Like a Local
Cultural differences are always interesting to learn about. But did you know about these ones?
It is true that these days, cultural differences are fading slightly considering we live in a globalised world and are all connected. Still, some things, habits or manners are appreciated no matter how much we think we know a country and its people. We've listed a few peculiar and interesting cultural aspects to bear in mind.
Are they true? Would you follow them?
Ah, La Bella Italia, the place for pizza, gelato, cappuccino, right? Yes, but not always or all day long.
Take the humble cup of cappuccino, for example. Italians know you are a tourist if you order the drink after 10am. Cappuccino is a beverage that locals will drink only with their breakfast. After that is espresso all the way. Not that you should mind, but we think you should know.
The pizza. Nothing screams Italy more than a plate of pizza. But Italians usually eat them in the evening, at a restaurant, with friends. It is not very Italian to eat a take away pizza and at lunch time, for instance. But if that is what you fancy, go for it.
I was surprised to learn that it is considered an offense to take a bottle of wine to your host's house when you are invited for dinner. I was wondering where this comes from and had to ask a few friends to explain this intriguing habit. It seems that, unless you know what type of dish will be served, you should not bring wine. Another friend from Portugal said this is old fashion etiquette and she would be very happy if someone brought her a bottle. If you feel unsure, take a bunch of flowers, but not red which symbolises the revolution nor lilies which are associated to funerals. If it gets too complicated, just take your lovely self. Who cares?
A very well known one, but if you can, try to speak French when in France. Let's face it, it really is a little pedantic to walk into a shop or restaurant in another country and assume everyone there will speak English. Even if you don't speak their language it is polite to try or at least acknowledge it. This applies to any country, but we think the French makes it clearer that they care.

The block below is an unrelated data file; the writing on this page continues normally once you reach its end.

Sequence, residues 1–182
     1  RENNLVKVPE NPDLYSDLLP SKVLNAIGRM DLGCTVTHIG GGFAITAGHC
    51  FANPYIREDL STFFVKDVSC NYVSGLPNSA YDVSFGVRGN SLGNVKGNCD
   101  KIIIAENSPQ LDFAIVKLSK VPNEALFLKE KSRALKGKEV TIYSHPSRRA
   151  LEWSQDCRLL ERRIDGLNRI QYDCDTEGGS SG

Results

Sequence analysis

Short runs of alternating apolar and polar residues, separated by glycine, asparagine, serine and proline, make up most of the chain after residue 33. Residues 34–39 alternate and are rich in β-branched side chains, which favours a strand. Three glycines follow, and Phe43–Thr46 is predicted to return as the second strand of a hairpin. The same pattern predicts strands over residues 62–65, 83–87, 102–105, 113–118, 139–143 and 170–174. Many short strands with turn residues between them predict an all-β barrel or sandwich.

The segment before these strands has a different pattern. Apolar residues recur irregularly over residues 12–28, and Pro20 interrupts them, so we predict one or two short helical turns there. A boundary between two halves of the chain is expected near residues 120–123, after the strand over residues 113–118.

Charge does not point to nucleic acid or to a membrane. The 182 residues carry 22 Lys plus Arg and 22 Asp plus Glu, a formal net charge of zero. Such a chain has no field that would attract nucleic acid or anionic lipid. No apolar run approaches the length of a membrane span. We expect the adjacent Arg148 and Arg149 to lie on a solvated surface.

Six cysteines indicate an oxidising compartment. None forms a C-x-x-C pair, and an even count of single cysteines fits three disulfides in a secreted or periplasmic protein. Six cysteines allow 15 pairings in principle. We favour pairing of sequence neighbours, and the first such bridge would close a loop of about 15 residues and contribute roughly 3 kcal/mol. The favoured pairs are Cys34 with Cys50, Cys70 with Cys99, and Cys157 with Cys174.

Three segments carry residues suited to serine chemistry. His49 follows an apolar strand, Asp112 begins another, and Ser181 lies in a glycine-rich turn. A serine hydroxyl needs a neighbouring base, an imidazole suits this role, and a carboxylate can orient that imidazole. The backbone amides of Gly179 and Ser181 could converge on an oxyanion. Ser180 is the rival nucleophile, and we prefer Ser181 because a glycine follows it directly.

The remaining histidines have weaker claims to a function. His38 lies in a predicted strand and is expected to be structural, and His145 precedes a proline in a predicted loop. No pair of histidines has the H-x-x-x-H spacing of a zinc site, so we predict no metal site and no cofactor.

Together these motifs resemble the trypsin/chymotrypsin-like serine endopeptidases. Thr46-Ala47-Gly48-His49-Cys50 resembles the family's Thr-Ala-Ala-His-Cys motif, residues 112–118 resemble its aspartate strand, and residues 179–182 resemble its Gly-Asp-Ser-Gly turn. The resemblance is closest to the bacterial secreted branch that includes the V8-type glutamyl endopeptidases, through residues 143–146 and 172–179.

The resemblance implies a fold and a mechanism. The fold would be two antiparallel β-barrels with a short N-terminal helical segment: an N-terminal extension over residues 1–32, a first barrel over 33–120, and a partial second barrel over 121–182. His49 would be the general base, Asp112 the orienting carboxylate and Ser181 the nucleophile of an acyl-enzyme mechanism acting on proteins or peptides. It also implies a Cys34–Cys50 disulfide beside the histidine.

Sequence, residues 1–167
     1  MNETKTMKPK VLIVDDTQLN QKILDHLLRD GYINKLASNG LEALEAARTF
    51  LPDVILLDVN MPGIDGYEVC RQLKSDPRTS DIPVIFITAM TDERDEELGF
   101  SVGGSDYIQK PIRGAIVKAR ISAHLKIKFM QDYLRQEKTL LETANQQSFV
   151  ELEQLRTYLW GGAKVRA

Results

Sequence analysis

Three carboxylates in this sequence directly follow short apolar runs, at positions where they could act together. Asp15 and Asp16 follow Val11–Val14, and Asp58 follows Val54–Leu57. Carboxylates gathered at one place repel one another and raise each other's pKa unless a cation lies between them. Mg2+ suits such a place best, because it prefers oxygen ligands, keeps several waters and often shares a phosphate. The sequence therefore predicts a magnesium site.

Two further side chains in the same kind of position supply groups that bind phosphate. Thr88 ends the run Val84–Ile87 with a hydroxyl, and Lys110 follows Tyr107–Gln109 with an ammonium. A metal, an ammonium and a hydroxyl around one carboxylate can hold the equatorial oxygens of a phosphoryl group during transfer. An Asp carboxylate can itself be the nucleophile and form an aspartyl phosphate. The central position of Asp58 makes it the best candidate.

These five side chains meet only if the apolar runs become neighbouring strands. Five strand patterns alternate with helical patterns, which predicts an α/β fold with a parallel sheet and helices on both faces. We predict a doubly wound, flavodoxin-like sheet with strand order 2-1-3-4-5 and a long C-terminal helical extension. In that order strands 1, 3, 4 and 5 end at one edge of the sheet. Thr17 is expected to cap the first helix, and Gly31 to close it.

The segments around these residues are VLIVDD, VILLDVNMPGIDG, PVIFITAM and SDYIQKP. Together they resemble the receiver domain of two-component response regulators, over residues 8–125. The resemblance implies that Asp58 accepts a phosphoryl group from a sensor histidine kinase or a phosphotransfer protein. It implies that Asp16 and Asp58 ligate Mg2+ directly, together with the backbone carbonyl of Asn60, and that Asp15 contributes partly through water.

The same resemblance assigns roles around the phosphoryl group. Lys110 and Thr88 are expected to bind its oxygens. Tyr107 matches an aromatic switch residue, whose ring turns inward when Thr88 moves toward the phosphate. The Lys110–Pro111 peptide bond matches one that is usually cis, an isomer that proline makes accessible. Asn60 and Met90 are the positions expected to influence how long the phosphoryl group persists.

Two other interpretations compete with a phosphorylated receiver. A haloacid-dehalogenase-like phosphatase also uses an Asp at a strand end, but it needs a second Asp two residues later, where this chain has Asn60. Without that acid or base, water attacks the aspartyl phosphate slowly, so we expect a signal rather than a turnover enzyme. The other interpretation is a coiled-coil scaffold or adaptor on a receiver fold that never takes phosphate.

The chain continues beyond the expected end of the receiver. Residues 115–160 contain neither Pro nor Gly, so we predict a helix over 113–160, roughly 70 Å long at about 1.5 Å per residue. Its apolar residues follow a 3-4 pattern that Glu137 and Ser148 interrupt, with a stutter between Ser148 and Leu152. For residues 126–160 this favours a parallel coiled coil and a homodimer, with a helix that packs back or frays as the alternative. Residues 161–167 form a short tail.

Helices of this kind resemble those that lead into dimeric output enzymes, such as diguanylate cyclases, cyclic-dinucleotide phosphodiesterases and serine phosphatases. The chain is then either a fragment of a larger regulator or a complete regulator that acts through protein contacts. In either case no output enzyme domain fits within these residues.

Insta people beware: please ask the shop keeper if you are allowed to take pictures of their business and shops. A more laissez faire attitude is seeing in the UK, but the French will appreciate if you ask permission for a shot and resent a little if you don't.
Went to a great restaurant but cannot finish your plate? In some countries, like the USA, it is acceptable and expected to ask to take the leftover home. Not here. So, make sure you clean your plate.
Ok. I could write a whole book about this one, but a few stereotypes are in fact, true and I leave you with two very important ones. Weather talking truly is a wonderful way to start a conversation. You will be amazed by the long time you can spend talking about a concept that, to me, means either good weather or bad weather. So many nuances to it, it is fascinating.
Queues. This is serious business. Do not, ever, under no circumstances jump the queue. If you do it by mistake, apologise profusely as many times as you can. Be aware of queues even at the bus stop. Strange, I know.
Ultimately and fortunately, these cultural differences matter less and less today. People are much more relaxed than they used to be and some of these stereotypes are just a bit of fun. Being respectful of a culture and keep on being curious to learn about the world usually is the best policy anywhere you go.
Do let us know if you know of any cultural difference that is considered unusual or fun.